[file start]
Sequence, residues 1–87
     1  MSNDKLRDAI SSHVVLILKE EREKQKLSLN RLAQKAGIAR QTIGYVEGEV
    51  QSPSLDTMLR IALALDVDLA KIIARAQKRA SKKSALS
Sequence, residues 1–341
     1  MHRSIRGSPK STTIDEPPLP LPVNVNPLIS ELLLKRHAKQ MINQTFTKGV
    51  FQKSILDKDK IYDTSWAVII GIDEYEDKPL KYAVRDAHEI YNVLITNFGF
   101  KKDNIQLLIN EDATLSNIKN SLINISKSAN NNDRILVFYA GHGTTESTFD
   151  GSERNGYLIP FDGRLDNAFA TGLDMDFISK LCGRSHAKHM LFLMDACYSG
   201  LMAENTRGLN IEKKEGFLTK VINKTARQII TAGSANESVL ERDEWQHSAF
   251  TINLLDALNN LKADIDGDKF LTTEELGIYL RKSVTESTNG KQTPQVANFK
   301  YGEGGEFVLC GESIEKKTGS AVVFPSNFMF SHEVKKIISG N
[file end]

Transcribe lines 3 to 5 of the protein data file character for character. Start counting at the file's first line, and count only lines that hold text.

    51  QSPSLDTMLR IALALDVDLA KIIARAQKRA SKKSALS
Sequence, residues 1–341
     1  MHRSIRGSPK STTIDEPPLP LPVNVNPLIS ELLLKRHAKQ MINQTFTKGV